Cameron Small’s Two Diamond response showed a constructive heart raise or better, but also allowed Bahkshi in at a more comfortable level (see below for what happened in the other match). Thereafter, Malinowski took control. Of course, East/West have a relatively cheap save available in Six Hearts, but judging that you are the ones who need to sacrifice when you both have an opening bid is always difficult. Cooke did not find the club lead, so declarer managed all thirteen tricks: N/S +710 and 12 IMPs to DE BOTTON. 

In the other match, neither South was willing to risk a three-level overcall, so the board was flat at E/W +420 in Four Hearts.

None GameDealer East

Ericsson’s Two Spade response showed a game-forcing hand with exactly four spades and five or more diamonds. One can hardly argue with Glyn Liggins’ description of this East hand as a minimum opening bid. Unfortunately, it was exactly the right minimum. Of course, Ericsson might have guessed to bid on anyway, but the effect was perhaps that their methods had pre-empted their own auction. E/W +480.

West – Cooke North – Malinowki East – Small SouthBahkshi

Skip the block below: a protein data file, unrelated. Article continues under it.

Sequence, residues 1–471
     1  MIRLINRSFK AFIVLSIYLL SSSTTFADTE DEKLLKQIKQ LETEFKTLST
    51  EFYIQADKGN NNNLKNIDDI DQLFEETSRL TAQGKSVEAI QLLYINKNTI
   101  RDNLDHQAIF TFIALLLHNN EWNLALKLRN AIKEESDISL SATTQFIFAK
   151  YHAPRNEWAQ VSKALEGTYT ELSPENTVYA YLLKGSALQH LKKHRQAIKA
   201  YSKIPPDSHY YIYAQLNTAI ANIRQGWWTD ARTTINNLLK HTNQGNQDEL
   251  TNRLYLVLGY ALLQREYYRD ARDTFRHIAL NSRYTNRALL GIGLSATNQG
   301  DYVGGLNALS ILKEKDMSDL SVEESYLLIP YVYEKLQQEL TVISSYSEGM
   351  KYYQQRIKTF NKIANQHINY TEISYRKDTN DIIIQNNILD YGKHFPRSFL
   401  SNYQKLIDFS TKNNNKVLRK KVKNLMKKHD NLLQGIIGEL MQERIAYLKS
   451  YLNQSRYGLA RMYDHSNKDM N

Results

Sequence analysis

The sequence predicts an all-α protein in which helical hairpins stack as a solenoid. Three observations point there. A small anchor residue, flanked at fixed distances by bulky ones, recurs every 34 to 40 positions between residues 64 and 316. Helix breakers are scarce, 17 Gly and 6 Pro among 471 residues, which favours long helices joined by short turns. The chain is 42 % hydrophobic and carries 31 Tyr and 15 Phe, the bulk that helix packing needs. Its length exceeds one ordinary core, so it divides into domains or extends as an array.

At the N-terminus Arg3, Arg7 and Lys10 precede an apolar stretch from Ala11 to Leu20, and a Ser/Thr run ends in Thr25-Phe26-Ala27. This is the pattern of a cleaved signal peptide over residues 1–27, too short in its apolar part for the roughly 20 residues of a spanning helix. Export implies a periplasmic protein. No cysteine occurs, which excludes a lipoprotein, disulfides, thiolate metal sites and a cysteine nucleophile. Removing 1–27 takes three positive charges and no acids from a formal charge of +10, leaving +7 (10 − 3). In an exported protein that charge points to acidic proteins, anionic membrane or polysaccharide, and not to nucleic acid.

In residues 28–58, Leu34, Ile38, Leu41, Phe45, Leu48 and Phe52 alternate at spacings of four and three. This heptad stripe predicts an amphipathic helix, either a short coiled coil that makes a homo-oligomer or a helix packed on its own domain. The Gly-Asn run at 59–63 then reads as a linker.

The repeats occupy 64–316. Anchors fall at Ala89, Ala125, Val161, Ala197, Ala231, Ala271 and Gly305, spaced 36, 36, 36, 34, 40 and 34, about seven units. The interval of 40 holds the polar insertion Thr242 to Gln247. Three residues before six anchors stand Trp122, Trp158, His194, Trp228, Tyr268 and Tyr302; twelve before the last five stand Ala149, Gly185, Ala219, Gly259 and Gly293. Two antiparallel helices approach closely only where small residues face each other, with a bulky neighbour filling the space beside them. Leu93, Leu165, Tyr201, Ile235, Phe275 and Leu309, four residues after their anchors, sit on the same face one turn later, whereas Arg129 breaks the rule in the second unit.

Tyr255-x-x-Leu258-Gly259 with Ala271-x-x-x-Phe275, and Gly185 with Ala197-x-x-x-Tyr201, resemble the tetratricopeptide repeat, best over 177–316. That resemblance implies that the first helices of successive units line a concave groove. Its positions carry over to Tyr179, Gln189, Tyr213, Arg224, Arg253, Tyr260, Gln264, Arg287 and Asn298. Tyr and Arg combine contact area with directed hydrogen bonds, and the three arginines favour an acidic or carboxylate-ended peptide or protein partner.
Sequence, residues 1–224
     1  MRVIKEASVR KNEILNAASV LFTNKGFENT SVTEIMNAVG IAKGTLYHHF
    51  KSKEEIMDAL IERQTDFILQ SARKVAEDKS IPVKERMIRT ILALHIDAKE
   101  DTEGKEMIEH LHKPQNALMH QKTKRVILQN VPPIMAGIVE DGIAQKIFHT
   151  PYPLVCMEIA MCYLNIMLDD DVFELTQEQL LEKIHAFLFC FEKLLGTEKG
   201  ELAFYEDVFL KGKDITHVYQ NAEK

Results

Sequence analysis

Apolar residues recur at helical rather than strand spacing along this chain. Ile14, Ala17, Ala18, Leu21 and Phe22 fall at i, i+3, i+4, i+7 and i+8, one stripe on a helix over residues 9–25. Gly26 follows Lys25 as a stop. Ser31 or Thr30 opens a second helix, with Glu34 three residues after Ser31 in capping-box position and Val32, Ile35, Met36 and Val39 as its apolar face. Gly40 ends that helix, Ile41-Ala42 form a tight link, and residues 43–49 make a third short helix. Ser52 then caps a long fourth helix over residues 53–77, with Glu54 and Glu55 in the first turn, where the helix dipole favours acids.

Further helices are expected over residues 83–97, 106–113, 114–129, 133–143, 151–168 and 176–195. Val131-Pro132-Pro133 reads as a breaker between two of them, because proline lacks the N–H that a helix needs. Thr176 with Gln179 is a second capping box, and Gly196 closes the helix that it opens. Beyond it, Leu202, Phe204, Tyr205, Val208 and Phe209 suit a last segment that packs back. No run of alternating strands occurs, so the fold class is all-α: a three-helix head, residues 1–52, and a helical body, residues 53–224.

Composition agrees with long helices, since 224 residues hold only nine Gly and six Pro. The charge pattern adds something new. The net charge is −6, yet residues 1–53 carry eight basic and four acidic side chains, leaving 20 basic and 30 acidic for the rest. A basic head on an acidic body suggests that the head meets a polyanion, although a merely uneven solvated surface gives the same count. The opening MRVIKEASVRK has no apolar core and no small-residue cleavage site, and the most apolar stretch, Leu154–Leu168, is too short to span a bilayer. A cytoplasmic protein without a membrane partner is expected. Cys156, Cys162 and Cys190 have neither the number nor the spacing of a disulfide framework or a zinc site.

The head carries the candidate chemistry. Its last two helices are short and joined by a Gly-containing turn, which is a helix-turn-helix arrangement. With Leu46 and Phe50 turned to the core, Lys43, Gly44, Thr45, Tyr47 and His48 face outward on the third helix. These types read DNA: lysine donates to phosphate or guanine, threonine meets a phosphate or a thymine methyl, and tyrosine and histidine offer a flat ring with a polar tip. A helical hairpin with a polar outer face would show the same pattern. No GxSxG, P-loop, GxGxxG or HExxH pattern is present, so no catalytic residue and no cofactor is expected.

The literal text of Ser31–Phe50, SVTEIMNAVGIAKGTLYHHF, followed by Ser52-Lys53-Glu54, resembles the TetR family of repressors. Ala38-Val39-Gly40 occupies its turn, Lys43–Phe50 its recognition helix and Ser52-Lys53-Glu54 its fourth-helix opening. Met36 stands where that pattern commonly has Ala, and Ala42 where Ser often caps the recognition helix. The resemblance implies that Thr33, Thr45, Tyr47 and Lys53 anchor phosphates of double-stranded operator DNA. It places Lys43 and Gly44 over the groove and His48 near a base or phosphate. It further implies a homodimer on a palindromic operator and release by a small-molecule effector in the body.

Small started with a Precision-style One Diamond (11-15, 1+), and the Two Club response was an artificial game force denying a five-card major. Two Diamonds now showed four hearts and Two Spades was natural. Small’s raise promised four-card support in a weak notrump type hand. Effectively, Jon Cooke knew about the same as Ericsson had done at the other table. He evaluated the hand more optimistically than his counterpart, and the decent slam was duly reached.

Malinowski found the best lead, a club. Declarer won, cashed two top hearts to pitch his club loser, and advanced the ♠K. South won with the ace and forced declarer with a club. With both pointed suits behaving, declarer was in control: he drew a second round of trumps with the queen, cashed his two top diamonds and ruffed a diamond with the ♠10. He could then return to hand with the ♠J, drawing the last trump in the process, and claim. E/W +980 and 11 IMPs to SMALL.

In the other match, both Hallberg/Patterson for BLACK and the Hacketts for MOSSOP stopped in game, so the board was flat at E/W +480.

As you might have guessed from the deals we have seen, our match was close. DE BOTTON won 43-42, which meant 10.31 VPs, giving them a total of 246.53 VPs over the three weekends.. The other key match was also close, and very low-scoring. A 25-13 win for MOSSOP meant 6.72 VPs for BLACK, giving them an overall total of 244.19. Over 21 matches, a total of 336 boards, the final margin between the top two teams was about 5 IMPs. Congratulations to the DE BOTTON team, Janet De Botton, Artur Malinowski, Espen Ericsson, Glyn Liggins, David Bahkshi and Tom Townsend.

Congratulations also to Andrew Black, who topped the Butler with an average of 0.88 IMPs/board, just ahead of David Gold (0.81) and Espen Ericsson/Glyn Liggins (0.78). No one else averaged higher than 0.47 IMPs/board over the three weekends.

Next week, we will be in Bucharest, Romania for the European Champions’ Cup, an annual invitational event contested by the champion teams from a dozen European countries.